Unpaid Parental Leave
From 1 July 2023, employees will have access to changed unpaid parental leave entitlements as part of the Federal government’s recent initiatives which aim to provide families with greater flexibility.
A summary of the recent changes can be found in the table below:
Impact on Employers
It is important for you to be aware of these changes to be able to adjust your policies or employee handbook and to respond to new requests and extensions to unpaid parental leave accordingly.
Please note, that if an employee wishes to extend their original unpaid parental leave, they must give at least 4 weeks’ notice in writing, before the end date of their original leave period, and the request must include the new leave end date.
As an employer, you must respond within 21 days, either agreeing; agreeing to a variation after discussion with the employee; or refusing the request. Please be mindful however, that you can only refuse a request if you have discussed a variation to the extension period with the employee but haven’t been able to reach an agreement AND if your refusal is on reasonable business grounds.
As part of the new legislation, employees have the right to lodge a dispute regarding a request for extended leave with the Fair Work Commission if:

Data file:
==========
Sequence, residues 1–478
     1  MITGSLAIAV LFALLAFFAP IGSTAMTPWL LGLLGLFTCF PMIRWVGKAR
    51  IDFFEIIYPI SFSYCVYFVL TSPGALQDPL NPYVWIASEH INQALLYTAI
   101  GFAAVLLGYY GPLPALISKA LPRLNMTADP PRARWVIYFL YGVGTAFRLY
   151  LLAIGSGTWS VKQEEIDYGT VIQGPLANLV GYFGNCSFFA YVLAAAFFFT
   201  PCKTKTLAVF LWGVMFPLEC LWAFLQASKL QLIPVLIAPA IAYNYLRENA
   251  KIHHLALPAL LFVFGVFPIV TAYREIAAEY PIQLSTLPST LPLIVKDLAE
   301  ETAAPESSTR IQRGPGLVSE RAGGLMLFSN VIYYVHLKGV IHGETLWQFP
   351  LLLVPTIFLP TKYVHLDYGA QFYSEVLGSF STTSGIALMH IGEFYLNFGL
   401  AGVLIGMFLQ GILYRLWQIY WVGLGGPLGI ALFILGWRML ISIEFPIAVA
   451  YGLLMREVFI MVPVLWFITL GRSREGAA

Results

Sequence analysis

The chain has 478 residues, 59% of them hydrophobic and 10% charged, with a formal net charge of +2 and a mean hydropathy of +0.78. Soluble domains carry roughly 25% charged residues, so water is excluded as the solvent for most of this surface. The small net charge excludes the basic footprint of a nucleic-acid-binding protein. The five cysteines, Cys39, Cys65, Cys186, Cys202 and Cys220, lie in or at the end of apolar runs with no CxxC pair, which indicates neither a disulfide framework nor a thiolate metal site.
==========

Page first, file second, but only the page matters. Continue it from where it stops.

- the employer refuses an employee’s request;
- the employer doesn’t provide a written response to a request within 21 days; or
- the employee and employer have been unsuccessful in trying to resolve the dispute at the workplace level.
We therefore highly recommend that you discuss the matter with one of our consultants at Allan Hall HR before refusing any request for an extension to unpaid parental leave.
Paid Parental Leave changes
Further changes have also been made from 1 July 2023 to the Government’s Paid Parental Leave (PPL) scheme, which provides eligible individuals with financial support for the birth or adoption of a child.
Under the previous PPL scheme, parents would need to apply separately (i.e. the primary caregiver could access up 18 weeks of financial support, and the partner or ‘secondary carer’ could access up to 2 weeks of support under what was referred to as ‘Dad and Partner Pay.’)
From 1 July, parents will be able to apply to this scheme together and may access up to 20 weeks of paid parental leave to use between them. The Government has indicated that the payment will continue to increase by 2 weeks each year until 1 July 2026 when it will reach 26 weeks.
Please note, it is up to the individual to apply for a PPL payment directly through Services Australia. You will not be able to apply for this benefit on the employee’s behalf. When an employee applies, their eligibility is determined by Services Australia. Eligibility is not determined by the employer.
Allan Hall HR has a team of experienced consultants to help answer any questions you may have regarding the Unpaid and Paid Parental Leave changes and how they should be applied to your unique business and employee circumstances.
We encourage you to reach out to us for further guidance by calling 1300 675 393 or emailing [email protected].